These adult kids of ours who are off the tracks have a whole different way of thinking.
    Hopefully they will one day wake up.
    Let’s not hold our breath until they do.
    Keep on keeping on.
  14. Jabberwockey

    Jabberwockey Well-Known Member

    Look for the long term. Most anybody can act right for a few minutes to get what they want. Change happens slowly with occasional setbacks.
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  15. Tanya M

    Tanya M Living with an attitude of gratitude Staff Member

    Very true Jabber! With my son, if he can maintain for 3 years straight with going to jail or being homeless I just might start to believe he's changing. My son was able to "maintain" for a little over a year. He couldn't hold a job for more than a few months but "played the game" to the point his wife, myself and my husband all thought he was truly trying. The truth eventually came out about what he was really doing and it wasn't putting forth effort to live a good life.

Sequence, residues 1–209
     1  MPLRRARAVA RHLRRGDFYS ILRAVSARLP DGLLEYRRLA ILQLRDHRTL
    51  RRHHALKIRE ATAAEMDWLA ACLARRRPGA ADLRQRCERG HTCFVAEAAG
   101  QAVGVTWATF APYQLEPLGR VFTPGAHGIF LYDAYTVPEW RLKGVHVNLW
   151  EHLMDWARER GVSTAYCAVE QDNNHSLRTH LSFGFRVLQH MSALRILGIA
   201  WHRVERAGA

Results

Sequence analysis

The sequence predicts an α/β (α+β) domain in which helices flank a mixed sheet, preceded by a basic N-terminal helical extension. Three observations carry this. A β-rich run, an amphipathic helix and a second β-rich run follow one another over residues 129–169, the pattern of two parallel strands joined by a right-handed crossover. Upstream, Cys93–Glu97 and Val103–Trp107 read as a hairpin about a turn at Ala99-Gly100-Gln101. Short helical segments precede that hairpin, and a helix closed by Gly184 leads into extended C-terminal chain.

16. Beta

    Beta Active Member

    Well, I think the break is pretty much complete now. I happened to check my FB page the other day, and J had posted some profane, malicious things on a photo from an event at church. I hastily deleted it and blocked him (again) from FB, but not before people saw it, of course. Then he blocked us from his phone. Yesterday my mother in law called my husband to tell him that he is posting negative stuff on his FB page about us. I think the three feelings most prevalent right now are shock, anger, and hurt. I guess we just wait and pray from here on out. As angry as I am, I can't help but worry about where he is and what he is doing. In one of his ranting texts from two days ago, he described himself as "a vagrant and a criminal." Wow. That's almost too much to bear. I still can't believe sometimes that things have come to this point.